Taurine Nutrition in Man
The high brain taurine concentration during fetal development of the rat, monkey, rabbit and man at a time when the presumed synthetic pathway, via cysteinesulfinic acid decarboxylase, has little measurable activity suggested a dietary source of taurine to be necessary (3,19,20). In studies investigating the effects on preterm infants of feeding formulas containing different protein quantity and quality and comparing them with infants fed pooled human milk, an interesting pattern of plasma and urine amino acid concentrations was observed. The concentrations of most plasma and urine amino acids were either increased or unchanged when compared with those of infants fed pooled human milk (10,11). Taurine was the striking exception (4). The concentration of taurine in the urine of infants fed casein-predominant formulas was lower from the first week of study than was that of infants fed pooled human milk. The plasma taurine decreased steadily and by the fourth week of study was significantly lower in the plasma of infants fed such formulas than it was in infants fed the pooled human milk. Plasma and urine concentrations of preterm infants fed whey-predominant formulas did not have such consistent decreases, and whether or not there was a decrease was a function of the amount of taurine provided by the formula (4). This effect of commercial formulas on plasma and urine taurine concentrations has been shown to occur in infants on total parenteral nutrition, which is devoid of taurine (14). The small concentrations of taurine in plasma of human preterm infants fed artificial formulas have been documented by others, but not commented on (2).
KeywordsBile Acid Human Milk Total Parenteral Nutrition Bile Acid Conjugation Taurine Concentration
Unable to display preview. Download preview PDF.
- 3.Gaull, G.E., and Rassin, D.K., 1979, Taurine and brain development: Human and animal correlates, in: “Neural Growth and Differentiation,” E. Meisami and M.A.B. Brazier, eds., Raven Press, New York, pp. 461–477.Google Scholar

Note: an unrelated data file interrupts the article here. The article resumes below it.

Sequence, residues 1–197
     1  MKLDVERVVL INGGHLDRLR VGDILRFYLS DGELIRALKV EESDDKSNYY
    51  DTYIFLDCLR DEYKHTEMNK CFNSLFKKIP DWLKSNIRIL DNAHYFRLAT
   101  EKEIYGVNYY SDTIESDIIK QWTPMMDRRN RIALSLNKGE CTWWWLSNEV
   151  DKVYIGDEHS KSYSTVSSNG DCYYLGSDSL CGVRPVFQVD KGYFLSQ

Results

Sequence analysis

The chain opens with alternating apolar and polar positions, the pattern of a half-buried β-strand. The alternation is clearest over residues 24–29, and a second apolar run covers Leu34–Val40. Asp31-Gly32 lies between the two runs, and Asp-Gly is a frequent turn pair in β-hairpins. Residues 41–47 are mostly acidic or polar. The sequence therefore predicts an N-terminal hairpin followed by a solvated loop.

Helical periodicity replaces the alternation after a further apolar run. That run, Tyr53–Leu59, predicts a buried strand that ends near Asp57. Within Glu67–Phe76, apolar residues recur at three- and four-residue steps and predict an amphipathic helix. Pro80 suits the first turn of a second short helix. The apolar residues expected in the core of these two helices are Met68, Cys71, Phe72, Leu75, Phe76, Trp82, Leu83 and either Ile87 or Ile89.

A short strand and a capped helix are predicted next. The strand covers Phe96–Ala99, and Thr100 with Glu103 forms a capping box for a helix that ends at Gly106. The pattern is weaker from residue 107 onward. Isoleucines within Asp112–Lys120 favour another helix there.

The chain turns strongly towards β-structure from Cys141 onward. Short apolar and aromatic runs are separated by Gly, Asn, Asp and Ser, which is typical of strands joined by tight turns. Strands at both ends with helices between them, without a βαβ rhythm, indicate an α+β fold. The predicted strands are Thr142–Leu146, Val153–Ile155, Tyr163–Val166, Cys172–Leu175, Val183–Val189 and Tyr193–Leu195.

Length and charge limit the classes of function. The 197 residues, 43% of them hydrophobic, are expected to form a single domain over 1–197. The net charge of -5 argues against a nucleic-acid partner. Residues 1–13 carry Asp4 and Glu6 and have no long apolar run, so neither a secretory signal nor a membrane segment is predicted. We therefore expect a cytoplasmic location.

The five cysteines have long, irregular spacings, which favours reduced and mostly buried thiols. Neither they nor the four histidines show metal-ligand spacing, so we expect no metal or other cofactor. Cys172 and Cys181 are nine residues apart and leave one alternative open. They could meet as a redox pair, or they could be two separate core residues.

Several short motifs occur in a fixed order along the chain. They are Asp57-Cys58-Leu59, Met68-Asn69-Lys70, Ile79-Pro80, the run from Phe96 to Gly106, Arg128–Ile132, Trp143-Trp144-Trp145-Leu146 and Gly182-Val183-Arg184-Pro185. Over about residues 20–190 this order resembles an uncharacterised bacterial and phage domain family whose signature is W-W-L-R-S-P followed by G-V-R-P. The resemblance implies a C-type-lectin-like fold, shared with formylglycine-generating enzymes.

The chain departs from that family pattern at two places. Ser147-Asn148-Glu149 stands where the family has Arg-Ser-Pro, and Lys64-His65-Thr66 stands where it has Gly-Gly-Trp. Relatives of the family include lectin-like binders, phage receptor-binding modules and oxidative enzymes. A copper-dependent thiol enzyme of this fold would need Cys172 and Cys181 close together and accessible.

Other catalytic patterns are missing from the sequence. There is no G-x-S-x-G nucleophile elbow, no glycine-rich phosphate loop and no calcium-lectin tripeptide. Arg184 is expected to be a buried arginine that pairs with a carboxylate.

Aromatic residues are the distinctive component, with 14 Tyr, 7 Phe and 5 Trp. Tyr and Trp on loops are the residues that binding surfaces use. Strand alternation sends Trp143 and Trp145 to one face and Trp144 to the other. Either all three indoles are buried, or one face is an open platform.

- 7.Jagenburg, O.R., 1959, The urinary excretion of free amino acids and other compounds by the human, Scand. J. Clin. Lab. Invest, 11: 3–183.Google Scholar
- 8.Jonxis, J.H.P., 1951, The influences of differences in food on the amino acid excretion, Arch. Dis. Child, 26: 272.Google Scholar
- 9.Malloy, M.H., Rassin, D.K., Gaull, G.E., and Heird, W.C., 1980, Development of taurine metabolism in beagle pups: Effects of taurine-free total parenteral nutrition, Biol. Neonate, in press.Google Scholar
- 13.Rassin, D.K., Järvenpää, A.-L., Räihä, N.C.R., and Gaull, G.E., 1979, Breast feeding versus formula feeding in full-term infants: Effects on taurine and cholesterol, Pediatr. Res, 13: 406.Google Scholar
- 15.Schersten, T., 1979, Bile acid conjugation, in: “Metabolic Conjugation and Metabolic Hydrolysis,” W.H. Fishman, ed., Academic Press, New York.Google Scholar
- 20.Sturman, J.A., Rassin, D.K., and Gaull, G.E., 1978, Taurine in the development of the central nervous system, in: “Taurine and Neurological Disorders,” A. Barbeau and R.J. Huxtable, eds., Raven Press, New York, pp. 49–71.Google Scholar
- 21.Sturman, J.A., Rassin, D.K., Hayes, K.C., and Gaull, G.E., 1973, Taurine deficiency in the kitten: Exchange and turnover of (35S) taurine in brain, retina, and other tissues, J. Nutr, 108: 1462–1476.Google Scholar
- 23.Watkins, J.B., Järvenpää, A.-L., Räihä, N., Szczepanik Van-Leween, P., Klein, P.D., Rassin, D.K., and Gaull, G., 1979, Regulation of bile acid pool size: Role of taurine conjugates, Pediat. Res, 13: 410.Google Scholar